TALLAHASSEE — Gov. Rick Scott is signing death warrants at a pace rarely seen in Florida since the death penalty was reinstated in 1976.
Scott already has signed five death warrants this year, including three in a recent span of less than four weeks.
“I go through them and when people have exhausted their appeals and when they're finished with their clemency process, then I continue to move the process along,” Scott said.
But death-penalty opponents see the surge in death warrants signed as upsetting.
“He's clearing out death row,” said the Rev. Phil Egitto, a Roman Catholic priest from Daytona Beach who organizes protests at each execution. “It's very, very crazy. It's very unusual. It is my understanding that Gov. Scott wants to be hard on crime, but I don't think this is the answer.”
So far only one of the five condemned men has been executed — Larry Eugene Mann was put to death by lethal injection last month for kidnapping and murdering 10-year-old Elisa Vera Nelson on Nov. 4, 1980. Still, there are five active warrants. Scott signed John Errol Ferguson's death warrant last year, but the execution has been delayed as his lawyers seek appeals. Florida law states that once a warrant is signed, it remains in full effect even if the initial execution date passes.
If the sentences are carried out this year for each of the active warrants, it would guarantee at least the most executions in Florida in one year since six people were executed in 2000, Gov. Jeb Bush's second year in office. The only other year there have been more than four executions since the death penalty reinstatement was in 1984 under Gov. Bob Graham, when eight people were put to death. Two prisoners were executed in Scott's first year in office, and three were executed last year.
That pace might not continue, though. Scott recognizes that it takes resources at the attorney general's office to challenge appeals and it adds to the courts' workload when warrants are signed, said Pete Antonacci, the governor's top lawyer.
“The governor is sensitive to that and is making sure the system operates smoothly,” Antonacci said. “We're making sure we don't do too much at one time.”
There are 400 men and five women on Florida's death row — and most of them have been there for more than a decade. Sixteen of the inmates were sentenced in the 1970s, 73 in the 1980s and 142 during the 1990s.
Signing a death warrant isn't just a process of randomly picking a condemned prisoner, Antonacci said. Another lawyer in the governor's offices monitors all death cases and where they stand in the state and federal appeals process.
Once appeals are exhausted, the governor's office will pick cases to undergo a review by the Office of Executive Clemency, which includes an interview with the condemned and other people involved in the case to determine whether there's any reason the governor shouldn't sign a warrant. That process is sometimes delayed because public defenders have to appoint a lawyer for the condemned prisoner and their budgets are limited, Antonacci said.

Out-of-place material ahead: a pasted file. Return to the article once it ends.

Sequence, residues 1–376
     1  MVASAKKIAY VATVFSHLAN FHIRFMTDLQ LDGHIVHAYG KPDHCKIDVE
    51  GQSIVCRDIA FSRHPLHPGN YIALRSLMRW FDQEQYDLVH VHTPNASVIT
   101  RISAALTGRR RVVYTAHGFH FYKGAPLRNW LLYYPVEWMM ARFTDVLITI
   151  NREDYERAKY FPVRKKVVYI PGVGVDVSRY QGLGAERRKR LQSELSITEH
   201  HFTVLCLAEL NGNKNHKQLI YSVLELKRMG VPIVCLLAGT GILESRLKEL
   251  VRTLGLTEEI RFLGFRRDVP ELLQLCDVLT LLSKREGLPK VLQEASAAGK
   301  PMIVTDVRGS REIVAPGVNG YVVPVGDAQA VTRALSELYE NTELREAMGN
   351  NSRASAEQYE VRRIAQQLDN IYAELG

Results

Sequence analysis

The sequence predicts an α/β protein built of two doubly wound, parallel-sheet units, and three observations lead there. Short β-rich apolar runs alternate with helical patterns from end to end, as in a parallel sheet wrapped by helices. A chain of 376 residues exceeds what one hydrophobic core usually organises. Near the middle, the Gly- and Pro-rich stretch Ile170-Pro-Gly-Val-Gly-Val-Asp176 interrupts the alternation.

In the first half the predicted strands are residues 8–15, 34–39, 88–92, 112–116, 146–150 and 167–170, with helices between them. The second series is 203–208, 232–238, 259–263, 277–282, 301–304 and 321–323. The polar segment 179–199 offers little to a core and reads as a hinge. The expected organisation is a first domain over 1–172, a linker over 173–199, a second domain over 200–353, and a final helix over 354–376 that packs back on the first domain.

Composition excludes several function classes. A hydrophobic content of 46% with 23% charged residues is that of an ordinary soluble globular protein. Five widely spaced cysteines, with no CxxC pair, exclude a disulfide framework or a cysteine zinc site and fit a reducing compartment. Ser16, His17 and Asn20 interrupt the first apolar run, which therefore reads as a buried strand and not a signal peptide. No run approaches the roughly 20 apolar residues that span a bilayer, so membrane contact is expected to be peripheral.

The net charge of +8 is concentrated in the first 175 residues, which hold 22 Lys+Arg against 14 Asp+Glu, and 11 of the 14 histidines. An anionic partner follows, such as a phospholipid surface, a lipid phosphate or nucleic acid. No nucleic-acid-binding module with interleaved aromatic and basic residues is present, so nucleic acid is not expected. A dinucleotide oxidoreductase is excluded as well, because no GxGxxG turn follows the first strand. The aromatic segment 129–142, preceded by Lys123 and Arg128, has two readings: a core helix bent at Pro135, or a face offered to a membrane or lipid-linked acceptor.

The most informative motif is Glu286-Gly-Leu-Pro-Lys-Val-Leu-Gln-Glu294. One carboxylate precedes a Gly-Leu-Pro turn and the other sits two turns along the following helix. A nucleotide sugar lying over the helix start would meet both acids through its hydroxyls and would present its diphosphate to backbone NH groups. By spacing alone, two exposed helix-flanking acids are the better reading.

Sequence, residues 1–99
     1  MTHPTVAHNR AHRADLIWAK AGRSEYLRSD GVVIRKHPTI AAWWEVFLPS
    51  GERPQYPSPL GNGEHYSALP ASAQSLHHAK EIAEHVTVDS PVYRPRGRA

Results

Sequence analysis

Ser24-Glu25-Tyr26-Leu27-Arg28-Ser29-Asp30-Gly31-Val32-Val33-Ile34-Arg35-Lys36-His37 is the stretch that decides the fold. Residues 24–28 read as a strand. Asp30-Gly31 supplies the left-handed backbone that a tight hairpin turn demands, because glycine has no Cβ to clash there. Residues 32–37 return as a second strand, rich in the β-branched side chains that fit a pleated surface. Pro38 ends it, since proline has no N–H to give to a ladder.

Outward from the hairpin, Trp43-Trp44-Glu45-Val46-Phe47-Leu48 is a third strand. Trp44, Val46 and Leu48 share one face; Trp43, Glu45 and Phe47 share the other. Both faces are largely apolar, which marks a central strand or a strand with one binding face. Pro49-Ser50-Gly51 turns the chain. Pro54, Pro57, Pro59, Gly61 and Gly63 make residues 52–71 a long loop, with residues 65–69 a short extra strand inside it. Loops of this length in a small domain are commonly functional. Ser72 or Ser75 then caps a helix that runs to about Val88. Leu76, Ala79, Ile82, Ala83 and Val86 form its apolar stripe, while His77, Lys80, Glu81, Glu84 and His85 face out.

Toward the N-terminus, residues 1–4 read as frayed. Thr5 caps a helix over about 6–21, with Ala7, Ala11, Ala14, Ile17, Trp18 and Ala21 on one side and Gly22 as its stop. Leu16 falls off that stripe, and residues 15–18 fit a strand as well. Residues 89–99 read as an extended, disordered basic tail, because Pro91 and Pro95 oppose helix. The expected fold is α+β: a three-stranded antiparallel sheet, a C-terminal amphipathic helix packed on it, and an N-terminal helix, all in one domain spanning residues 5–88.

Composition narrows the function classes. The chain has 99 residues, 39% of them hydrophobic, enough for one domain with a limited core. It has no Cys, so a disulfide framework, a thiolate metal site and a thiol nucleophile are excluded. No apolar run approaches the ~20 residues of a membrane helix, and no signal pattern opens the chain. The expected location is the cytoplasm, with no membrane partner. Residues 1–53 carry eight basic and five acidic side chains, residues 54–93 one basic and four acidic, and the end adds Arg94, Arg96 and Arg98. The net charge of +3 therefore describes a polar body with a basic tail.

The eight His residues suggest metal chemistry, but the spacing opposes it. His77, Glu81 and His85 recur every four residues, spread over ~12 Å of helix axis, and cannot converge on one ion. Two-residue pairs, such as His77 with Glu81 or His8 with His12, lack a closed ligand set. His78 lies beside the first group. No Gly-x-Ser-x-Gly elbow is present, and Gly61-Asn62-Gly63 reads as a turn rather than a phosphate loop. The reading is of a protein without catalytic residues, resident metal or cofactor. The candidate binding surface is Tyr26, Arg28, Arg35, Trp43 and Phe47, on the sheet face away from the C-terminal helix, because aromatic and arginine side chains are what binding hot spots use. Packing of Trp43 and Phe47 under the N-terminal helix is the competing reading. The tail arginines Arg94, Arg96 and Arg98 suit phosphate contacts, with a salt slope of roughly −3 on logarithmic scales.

Antonacci also pointed out that the Supreme Court reviews every death case to make sure the punishment is proper well before the governor signs a death warrant.
Public defenders are suing the state, saying they don't have enough lawyers or money to handle their workload. They're seeking the right to not accept cases. The state Supreme Court is reviewing the claim and has yet to issue an opinion.
The five people now awaiting execution are:
--John Errol Ferguson, condemned for killing eight people in Miami-Dade County in 1977 and 1978, including six who were bound and killed execution-style. At the time it was the largest mass slaying in county history. Scott signed his death warrant Sept. 5, but his execution has been on hold while the U.S. Court of Appeals for the 11th Circuit considers his lawyers' claim he suffers from mental illness so severe that he shouldn't be eligible.
--Paul Augustus Howell, a South Florida drug dealer who killed Florida Highway Patrol Trooper Jimmy Fulford with a pipe bomb in 1992. Scott signed his death warrant Jan. 18, but the execution is on hold while the 11th Circuit Court considers his lawyers' claim that his trial lawyer had a conflict of interest due to a death threat that prompted him to withdraw from Howell's federal drug case. They also argue that the lawyer failed to find and present mitigating evidence that could have persuaded Howell's jury to recommend a life sentence.
--Elmer Leon Carroll, scheduled to die by lethal injection May 29 for raping and suffocating 10-year-old Christine McGowan after breaking into her Apopka home in 1990. Scott signed his death warrant April 17.
--William Van Poyck, scheduled to die June 12 for the murder of prison guard Fred Griffis in 1987. Scott signed his death warrant May 3.
--Marshall Lee Gore, scheduled to die June 24 for the 1988 murders of Susan Roark and Robyn Novick. He also left a third victim, Tina Coralis, for dead after beating, raping and stabbing her. Scott signed his death warrant Monday.
Meanwhile, Scott is considering whether to sign a bill that would speed up executions by creating tighter timeframes for appeals and post-conviction motions and by imposing reporting requirements on case progress. The measure also would re-establish a separate agency for north Florida to provide appellate-level legal representation to inmates sentenced to death and require them to “pursue all possible remedies in state court.”